This pooled revenue is used to finance such provincial services as highways, education and health care. Our schools may legitimately receive this funding because they cannot exercise control over the manner in which the government provides it. As mentioned above, it is impossible, practically speaking, for them to differentiate between gambling receipts and other revenues.
The second way of distributing funds derived from gambling is to allow groups a direct sharing in the proceeds of gambling activity, such as a casino. Groups may (a) choose to apply directly for a grant from a fund that has been sourced solely from gambling revenues, or they may (b) choose to volunteer as workers in casinos and earn a portion of the profits. Both scenarios are morally problematic; groups (a) would be complicit in an immoral activity by applying directly to a fund sourced only from harmful gambling activities, while groups (b) would be formally cooperating by direct participation in those activities.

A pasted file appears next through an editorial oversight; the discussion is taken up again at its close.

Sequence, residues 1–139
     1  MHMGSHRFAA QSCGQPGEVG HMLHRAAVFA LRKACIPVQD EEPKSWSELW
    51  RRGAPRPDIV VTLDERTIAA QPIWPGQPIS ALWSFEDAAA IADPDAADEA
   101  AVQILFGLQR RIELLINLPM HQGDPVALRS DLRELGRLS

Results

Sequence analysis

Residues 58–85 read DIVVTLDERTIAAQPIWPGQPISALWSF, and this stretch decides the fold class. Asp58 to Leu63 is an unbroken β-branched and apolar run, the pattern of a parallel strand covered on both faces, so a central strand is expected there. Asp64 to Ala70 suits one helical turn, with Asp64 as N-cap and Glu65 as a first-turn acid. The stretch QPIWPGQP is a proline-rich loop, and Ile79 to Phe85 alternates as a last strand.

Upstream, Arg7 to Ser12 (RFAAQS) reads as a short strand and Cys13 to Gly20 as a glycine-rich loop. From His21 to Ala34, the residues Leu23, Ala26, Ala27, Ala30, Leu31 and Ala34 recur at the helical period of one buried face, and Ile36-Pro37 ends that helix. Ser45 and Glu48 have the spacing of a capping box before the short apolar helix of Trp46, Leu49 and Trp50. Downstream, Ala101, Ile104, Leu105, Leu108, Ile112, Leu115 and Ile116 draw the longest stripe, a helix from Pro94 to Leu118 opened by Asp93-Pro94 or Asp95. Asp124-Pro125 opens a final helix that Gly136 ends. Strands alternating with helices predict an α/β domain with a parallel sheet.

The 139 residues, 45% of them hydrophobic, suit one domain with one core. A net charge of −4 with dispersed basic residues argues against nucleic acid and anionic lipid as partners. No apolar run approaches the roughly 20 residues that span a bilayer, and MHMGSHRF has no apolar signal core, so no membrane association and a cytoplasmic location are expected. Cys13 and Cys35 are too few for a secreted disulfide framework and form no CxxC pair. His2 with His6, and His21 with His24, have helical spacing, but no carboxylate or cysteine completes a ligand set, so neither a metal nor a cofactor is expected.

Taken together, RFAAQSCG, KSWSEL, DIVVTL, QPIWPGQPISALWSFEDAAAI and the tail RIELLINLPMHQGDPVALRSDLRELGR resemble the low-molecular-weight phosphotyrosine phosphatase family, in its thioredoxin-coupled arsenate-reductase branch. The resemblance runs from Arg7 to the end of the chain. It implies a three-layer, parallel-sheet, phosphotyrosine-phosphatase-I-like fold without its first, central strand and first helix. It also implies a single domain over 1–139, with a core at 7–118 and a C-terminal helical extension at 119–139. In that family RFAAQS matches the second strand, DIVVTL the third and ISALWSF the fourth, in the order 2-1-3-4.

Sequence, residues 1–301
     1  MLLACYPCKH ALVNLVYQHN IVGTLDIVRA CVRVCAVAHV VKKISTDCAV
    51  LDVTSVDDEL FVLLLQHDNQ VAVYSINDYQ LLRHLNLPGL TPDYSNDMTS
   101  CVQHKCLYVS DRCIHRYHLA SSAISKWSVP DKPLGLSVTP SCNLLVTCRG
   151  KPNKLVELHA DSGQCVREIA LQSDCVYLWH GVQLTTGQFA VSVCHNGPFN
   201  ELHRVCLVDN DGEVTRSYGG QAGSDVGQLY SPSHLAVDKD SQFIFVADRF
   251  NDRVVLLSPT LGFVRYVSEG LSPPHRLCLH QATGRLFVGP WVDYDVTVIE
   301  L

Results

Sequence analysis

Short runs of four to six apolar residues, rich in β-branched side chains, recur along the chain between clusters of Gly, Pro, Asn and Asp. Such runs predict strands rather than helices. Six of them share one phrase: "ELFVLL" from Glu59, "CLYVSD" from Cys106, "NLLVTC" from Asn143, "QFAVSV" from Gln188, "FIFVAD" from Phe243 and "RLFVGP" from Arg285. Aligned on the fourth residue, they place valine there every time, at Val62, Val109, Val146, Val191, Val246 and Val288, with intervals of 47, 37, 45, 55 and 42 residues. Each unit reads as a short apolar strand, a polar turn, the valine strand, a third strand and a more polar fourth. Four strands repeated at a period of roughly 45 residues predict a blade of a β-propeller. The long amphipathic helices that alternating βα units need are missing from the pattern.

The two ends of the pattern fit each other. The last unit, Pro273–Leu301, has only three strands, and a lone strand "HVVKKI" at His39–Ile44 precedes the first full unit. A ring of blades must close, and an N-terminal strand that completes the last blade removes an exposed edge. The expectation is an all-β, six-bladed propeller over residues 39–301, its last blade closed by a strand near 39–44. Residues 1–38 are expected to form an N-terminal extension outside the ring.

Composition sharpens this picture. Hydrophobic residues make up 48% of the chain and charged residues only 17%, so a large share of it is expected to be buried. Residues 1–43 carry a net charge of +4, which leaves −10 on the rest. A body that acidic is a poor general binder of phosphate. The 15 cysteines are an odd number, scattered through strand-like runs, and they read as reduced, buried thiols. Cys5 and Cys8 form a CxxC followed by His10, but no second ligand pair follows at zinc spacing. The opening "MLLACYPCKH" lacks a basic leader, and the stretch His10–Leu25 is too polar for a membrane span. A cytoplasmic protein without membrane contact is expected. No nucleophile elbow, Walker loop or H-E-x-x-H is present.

The Way Forward
It is not likely that the prevalence of gambling will diminish in this province anytime soon. Our province has itself become dependent upon it. As long as this situation remains, a way forward must be found that can address not only the deep concerns of those who oppose participation in gambling-based fundraising on either religious or non-religious grounds, but also the real inequity created among schools by this particular funding framework.
What is needed is a sustainable funding source that does not lead schools to have to accept funding from morally objectionable activities such as harmful gambling, and which is available and distributed to all schools with equity. All schools in Alberta should benefit equally from accessing funds for the purposes that are most critical to their individual programming needs, without having to compromise their principles or identity.